Contemporary habitat selection and survival of cisco in Lake Erie

Contributing Authors

Richard Kraus (USGS,, Joseph Schmitt (USGS), James Markham (NYSDEC), Christopher Vandergoot (MSU)

Executive Summary

This project addressed impediments to the rehabilitation of Cisco (Coregonus artedi) in Lake Erie through the application of acoustic telemetry to develop novel data on habitat use and survival of experimentally stocked fish. We tagged Cisco at the Tunison Laboratory of Aquatic Sciences that were reared to age-4 from egg collections in Chaumont Bay, Lake Ontario. Tagged fish were released at two locations in Lake Erie during spring in advance of seasonal stratification and warm summer conditions. The Great Lakes Acoustic Telemetry Observation System provided data on the detection of tagged fish, including coded information from temperature and predation sensors on the tags. Results demonstrated that naïve hatchery-reared Cisco could locate suitable habitat refugia in the metalimnion of either the central or eastern basin of the lake. This result supported recent retrospective simulation analyses that suitable habitat is not an impediment to Cisco rehabilitation in Lake Erie. None of the tagged fish survived more than 155 days, and predation sensors and behavioral information indicated that predators included coolwater fish (e.g., Walleye), coldwater fish (e.g., Lake Trout), and birds. A scientific report of these results has been submitted to a scientific journal (manuscript is currently in review). The findings have implications for future work that will address a new experimental stocking initiative by NYSDEC by developing strategies to reduce predation mortality.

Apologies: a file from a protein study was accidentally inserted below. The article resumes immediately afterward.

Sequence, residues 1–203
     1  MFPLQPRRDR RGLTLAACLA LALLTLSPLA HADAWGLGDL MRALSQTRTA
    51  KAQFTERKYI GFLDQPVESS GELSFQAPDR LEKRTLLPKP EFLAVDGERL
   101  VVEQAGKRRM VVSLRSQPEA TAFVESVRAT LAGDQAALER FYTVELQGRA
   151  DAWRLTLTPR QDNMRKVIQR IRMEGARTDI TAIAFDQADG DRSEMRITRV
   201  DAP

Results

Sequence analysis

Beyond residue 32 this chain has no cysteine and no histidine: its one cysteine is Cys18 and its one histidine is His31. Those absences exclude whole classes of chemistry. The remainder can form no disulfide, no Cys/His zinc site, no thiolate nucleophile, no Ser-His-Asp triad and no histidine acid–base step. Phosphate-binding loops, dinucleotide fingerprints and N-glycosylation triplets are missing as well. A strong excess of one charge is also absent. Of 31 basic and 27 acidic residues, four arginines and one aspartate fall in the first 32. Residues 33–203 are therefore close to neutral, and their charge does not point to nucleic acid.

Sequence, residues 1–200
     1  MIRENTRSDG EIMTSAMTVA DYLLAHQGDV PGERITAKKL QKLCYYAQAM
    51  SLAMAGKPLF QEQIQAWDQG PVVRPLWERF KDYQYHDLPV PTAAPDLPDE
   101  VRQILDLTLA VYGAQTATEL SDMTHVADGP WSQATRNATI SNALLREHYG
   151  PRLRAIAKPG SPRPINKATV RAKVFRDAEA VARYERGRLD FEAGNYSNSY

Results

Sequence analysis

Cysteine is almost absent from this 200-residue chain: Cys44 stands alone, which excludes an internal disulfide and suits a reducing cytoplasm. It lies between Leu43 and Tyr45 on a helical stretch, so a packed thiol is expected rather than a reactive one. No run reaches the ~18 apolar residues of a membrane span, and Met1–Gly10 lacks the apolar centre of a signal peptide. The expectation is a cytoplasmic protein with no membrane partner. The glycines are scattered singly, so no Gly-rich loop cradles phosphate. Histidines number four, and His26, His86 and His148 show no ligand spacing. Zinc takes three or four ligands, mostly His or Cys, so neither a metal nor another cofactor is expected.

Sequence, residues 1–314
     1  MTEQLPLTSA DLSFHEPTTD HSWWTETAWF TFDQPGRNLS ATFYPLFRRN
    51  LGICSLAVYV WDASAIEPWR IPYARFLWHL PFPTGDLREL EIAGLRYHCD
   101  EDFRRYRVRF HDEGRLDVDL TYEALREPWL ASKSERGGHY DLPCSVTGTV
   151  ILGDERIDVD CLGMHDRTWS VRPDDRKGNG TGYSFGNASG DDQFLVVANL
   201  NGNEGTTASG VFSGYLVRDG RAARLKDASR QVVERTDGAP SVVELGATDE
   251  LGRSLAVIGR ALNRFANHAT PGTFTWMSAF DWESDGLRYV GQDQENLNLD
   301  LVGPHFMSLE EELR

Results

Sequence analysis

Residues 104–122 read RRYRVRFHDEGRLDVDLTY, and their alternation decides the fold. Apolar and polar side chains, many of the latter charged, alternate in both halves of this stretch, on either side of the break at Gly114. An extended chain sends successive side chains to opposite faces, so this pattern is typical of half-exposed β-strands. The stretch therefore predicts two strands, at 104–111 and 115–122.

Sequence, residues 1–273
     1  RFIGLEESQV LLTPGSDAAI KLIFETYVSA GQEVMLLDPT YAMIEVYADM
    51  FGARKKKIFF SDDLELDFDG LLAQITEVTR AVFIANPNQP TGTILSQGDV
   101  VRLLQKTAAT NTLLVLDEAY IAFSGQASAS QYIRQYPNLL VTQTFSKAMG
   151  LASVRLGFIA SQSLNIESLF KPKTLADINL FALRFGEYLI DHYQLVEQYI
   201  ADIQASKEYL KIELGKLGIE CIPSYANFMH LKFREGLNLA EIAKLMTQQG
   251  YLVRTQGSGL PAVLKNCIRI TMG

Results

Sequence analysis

Funded In

Funding Agency


Restoration Framework Phase

Project Impact



Project Subjects